The Book Stall
In the Company of Stone

In the Company of Stone
by Dan Snow
photographs by Peter Mauss

Artisan, 2001

Constructing walls and other structures from stone with no mortar or other binding material is an ancient drystone method with few modern-day practitioners.

On private estates in New England and Great Britain drystone walls, terraces, caverns and pools are still being built by "wallers" like Dan Snow of Dummerston, Vermont.

"For the purposes of a waller, stone is immortal. I work alone most of the time, gathering the stone myself for each job, either from a place of my own where loose stone lies naturally in abundance or from the property where I'm building," Snow explains.

"Finding stone, choosing it, and letting go of it are the three things a waller does. I'd miss any one of them too much if I asked someone else to do them for me. I may work by myself, but I'm not alone. I'm in the company of stone."

Snow is one of only a handful of Americans certified by the Dry Stone Walling Association of Great Britain. He and his creations have been showcased in numerous publications, including This Old House, Garden Design, and American Nurseryman.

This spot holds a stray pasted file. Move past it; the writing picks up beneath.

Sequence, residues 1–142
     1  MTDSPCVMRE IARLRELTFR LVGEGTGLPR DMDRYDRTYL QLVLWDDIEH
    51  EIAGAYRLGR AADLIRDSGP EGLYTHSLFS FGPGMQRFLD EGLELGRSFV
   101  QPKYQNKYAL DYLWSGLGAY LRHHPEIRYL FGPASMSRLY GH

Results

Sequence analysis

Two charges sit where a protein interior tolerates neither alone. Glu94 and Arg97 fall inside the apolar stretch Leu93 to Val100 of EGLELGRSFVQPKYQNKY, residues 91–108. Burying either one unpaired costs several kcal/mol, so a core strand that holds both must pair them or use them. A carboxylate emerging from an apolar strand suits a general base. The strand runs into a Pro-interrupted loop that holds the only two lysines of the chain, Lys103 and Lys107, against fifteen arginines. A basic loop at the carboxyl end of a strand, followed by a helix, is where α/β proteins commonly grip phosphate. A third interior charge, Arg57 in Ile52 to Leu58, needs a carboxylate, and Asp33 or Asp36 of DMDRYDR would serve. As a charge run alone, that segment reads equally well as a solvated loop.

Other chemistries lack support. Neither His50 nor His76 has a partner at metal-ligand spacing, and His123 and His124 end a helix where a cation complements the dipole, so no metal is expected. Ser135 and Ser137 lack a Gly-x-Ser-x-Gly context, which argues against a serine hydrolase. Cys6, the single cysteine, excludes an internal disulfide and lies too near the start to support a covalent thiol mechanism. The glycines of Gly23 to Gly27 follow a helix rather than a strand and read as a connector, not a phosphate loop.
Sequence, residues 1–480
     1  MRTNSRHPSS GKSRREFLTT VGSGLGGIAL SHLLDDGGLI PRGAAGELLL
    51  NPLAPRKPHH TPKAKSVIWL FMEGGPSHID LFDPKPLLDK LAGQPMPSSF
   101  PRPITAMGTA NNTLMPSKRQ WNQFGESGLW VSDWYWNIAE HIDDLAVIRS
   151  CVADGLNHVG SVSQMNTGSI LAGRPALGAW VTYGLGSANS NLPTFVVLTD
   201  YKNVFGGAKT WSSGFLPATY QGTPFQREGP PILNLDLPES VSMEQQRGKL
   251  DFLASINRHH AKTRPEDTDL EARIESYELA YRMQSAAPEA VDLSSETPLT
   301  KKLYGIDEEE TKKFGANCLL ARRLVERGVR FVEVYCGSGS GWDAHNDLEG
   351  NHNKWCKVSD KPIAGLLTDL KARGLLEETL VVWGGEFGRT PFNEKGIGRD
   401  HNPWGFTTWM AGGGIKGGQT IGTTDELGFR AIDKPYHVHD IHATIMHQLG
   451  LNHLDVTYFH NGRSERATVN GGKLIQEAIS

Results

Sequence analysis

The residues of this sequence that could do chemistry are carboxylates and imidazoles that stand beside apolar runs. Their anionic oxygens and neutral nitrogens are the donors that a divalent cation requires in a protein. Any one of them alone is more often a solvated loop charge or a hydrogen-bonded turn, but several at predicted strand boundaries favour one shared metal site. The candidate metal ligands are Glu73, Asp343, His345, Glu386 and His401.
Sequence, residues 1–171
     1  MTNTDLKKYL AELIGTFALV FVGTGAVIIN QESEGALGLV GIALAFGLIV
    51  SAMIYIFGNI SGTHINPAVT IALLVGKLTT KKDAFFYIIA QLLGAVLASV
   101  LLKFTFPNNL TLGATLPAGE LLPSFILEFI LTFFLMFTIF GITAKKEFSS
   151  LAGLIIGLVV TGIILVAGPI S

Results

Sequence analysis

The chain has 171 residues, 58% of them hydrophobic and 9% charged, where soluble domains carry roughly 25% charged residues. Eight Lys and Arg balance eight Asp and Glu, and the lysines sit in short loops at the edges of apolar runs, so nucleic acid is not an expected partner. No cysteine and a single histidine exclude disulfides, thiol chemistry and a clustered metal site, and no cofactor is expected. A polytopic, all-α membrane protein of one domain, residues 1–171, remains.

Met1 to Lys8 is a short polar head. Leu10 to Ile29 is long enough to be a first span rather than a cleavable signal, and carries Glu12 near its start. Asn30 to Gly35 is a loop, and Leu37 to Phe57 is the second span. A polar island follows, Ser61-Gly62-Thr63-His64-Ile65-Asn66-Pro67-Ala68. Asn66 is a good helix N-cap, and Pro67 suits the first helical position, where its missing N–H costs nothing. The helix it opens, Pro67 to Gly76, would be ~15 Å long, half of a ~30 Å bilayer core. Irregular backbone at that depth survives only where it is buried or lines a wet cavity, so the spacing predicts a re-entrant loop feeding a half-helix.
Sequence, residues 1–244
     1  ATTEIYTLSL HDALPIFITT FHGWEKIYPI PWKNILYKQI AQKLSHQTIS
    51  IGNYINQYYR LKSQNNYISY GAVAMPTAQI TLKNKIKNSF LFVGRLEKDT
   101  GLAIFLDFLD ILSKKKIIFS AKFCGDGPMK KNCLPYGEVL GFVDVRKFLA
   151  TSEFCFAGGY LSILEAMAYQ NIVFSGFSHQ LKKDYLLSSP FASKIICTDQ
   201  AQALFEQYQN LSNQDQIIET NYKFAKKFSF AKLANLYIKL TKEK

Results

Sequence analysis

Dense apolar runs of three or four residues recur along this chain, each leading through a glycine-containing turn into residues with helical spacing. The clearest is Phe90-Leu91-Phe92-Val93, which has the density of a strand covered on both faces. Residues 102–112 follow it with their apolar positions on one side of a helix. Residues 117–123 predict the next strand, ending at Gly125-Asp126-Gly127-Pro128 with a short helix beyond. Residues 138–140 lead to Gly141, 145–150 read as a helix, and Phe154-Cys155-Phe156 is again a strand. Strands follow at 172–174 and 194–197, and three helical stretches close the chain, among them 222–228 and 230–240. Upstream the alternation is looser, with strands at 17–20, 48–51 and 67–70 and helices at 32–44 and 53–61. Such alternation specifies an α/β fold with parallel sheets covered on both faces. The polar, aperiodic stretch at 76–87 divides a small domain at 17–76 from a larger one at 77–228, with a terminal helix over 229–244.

In this reflective survey of his work, Snow writes eloquently about the sources of his artistic expression and how it is applied to walling. Complemented by evocative photographs of his constructions by Peter Mauss,  the pieces look like ancient artifacts well-rooted in the landscape

Detailed construction techniques for Snow's projects are not provided in the text, but the "gallery" in the back of the book lists locations, dimensions, time spent on the work, stone sources, and methods of construction. 

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In the Company of Stone

Walling is my occupation and has been since 1976. It is also my preoccupation-when I'm not working, I like to think about it. Of the many good reasons to do this for a living-working outside, one that keeps bringing me back for more is walling's endless capacity to surprise.

The sky is full of clouds of intense variety, but before we can take a second look at them they've changed. Stones keep their shapes for so long, I don't have to wonder how they may someday change. For the purposes of a waller, stone is immortal. 

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